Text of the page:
NEW ORLEANS - Sitting at her desk inside of First Grace United Methodist Church in Mid-City, Angela Davis is working hard to give little immigrant children a better life.

"Most of our work is a direct representation of children who are in immigration proceedings, and who have immigration cases," Davis said.

Davis is the Executive Director of First Grace Community Alliance, a non-profit organization which overseas Project Ishmael, a legal clinic helping immigrant children seek asylum and begin a path towards citizenship.

"Most of our cases are taking about three to five years right now. That's for lawful permanent residence. Not even citizenship," Davis said.

Shawn Moses Anglim is the Pastor of First Grace United Methodist Church.

"We have over 40 special juvenile immigrant cases. We are winning all 40 of those cases, which has proven to use that if this child has adequate representation, they have a case to be made and the issue is getting them representation," Anglim said.

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Anglim says thousands of undocumented immigrants across the country are not as lucky. He says seeing the separation of families at the border hurts his spirit.

"What's happened on the border it sort of reminds us, what even a country like ours can do. It can round up children and cage them," Anglim said.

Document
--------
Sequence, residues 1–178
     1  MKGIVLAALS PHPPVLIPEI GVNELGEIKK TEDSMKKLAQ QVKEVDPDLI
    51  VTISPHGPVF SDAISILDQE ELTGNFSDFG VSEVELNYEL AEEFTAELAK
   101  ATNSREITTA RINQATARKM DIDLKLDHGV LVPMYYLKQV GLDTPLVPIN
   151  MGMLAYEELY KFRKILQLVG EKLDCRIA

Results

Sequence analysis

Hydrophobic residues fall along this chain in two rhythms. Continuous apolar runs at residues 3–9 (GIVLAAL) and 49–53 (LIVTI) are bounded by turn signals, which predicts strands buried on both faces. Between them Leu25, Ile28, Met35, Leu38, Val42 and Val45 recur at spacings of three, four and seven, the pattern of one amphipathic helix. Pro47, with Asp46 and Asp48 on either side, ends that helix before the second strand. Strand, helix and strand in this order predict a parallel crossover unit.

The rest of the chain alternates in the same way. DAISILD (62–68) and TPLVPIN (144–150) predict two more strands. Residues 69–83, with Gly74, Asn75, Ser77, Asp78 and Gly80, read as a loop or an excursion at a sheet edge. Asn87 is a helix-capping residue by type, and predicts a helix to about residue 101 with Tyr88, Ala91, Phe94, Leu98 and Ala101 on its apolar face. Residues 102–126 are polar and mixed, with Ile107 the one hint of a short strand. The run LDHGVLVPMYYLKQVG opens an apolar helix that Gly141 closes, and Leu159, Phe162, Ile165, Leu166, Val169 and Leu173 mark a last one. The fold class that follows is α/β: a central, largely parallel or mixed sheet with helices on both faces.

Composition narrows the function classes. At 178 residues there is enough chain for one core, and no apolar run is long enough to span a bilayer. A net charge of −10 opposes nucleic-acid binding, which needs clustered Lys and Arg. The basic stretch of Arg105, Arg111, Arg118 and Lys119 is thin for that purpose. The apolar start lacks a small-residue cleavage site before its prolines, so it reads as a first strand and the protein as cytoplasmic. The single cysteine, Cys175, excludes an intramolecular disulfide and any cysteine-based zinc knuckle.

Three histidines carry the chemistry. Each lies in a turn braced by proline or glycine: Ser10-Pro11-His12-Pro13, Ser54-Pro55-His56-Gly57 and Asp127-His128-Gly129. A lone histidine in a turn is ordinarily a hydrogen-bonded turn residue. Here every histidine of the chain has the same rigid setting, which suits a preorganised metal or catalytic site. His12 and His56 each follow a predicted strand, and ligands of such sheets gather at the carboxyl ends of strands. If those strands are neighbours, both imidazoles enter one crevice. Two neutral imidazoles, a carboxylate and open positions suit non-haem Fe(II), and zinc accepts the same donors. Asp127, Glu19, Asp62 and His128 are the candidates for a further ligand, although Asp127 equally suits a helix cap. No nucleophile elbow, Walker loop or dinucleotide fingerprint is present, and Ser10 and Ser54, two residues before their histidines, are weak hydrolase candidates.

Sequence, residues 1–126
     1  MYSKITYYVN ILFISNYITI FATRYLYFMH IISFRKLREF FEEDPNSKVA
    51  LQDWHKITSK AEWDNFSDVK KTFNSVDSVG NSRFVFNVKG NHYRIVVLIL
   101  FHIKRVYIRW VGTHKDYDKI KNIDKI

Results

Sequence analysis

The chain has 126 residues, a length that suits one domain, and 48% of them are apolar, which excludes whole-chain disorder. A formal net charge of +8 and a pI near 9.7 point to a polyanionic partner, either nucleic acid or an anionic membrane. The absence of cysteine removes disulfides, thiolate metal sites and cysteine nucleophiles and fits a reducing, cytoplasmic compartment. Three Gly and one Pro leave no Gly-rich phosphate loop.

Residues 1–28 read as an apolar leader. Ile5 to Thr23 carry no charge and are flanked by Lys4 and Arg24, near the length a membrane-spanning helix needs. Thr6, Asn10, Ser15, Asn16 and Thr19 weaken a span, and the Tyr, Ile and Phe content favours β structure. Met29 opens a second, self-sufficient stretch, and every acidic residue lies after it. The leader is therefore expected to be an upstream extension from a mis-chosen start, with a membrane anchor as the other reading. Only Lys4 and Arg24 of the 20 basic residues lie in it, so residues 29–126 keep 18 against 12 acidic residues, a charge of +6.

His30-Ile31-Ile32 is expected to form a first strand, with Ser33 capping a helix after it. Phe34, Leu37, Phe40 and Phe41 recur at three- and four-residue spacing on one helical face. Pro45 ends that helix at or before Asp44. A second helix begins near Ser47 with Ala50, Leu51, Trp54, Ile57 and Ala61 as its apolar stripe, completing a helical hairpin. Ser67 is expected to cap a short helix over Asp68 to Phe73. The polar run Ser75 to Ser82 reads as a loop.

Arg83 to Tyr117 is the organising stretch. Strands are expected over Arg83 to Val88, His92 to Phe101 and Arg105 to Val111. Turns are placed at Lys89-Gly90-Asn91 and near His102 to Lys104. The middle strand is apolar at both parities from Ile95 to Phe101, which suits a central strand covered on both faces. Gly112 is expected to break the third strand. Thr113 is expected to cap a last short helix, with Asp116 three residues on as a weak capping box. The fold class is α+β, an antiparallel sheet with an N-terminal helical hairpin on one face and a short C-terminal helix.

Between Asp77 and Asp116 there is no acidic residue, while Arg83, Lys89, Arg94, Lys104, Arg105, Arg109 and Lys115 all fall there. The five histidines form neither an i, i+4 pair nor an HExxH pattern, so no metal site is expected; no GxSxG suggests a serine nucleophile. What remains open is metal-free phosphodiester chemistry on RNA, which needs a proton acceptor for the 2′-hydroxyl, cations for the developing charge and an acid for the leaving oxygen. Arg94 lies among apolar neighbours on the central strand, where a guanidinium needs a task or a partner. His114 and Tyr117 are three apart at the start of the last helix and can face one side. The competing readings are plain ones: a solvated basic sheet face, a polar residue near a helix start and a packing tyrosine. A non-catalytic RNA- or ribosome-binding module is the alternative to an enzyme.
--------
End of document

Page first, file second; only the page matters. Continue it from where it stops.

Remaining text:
Feeling the political heat and public backlash, President Donald Trump signed an Executive Order Wednesday, temporarily banning the separation of families prosecuted for crossing the border. President Trump, however, made it clear his "Zero Tolerance Policy" still stands.

"It's about keeping families together, while at the same time, being sure that we hae a very powerful, very strong border," President Trump said.

"Detaining families together is not a solution. It's not a solution to anything," Davis said.

"If we really wanted to address why there are thousands of people suddenly showing up, we would probably need to ask ourselves what has happened in those countries that they're coming from, in the last 50 years. And what has been our involvement in those countries," Anglim said.

Right now, Davis says they're trying to find more funding to hire a second attorney so that they can triple the number of children they can represent.

For more information on Project Ishmael, click here.

Caresse Jackman can be reached at cjackman@wwltv.com.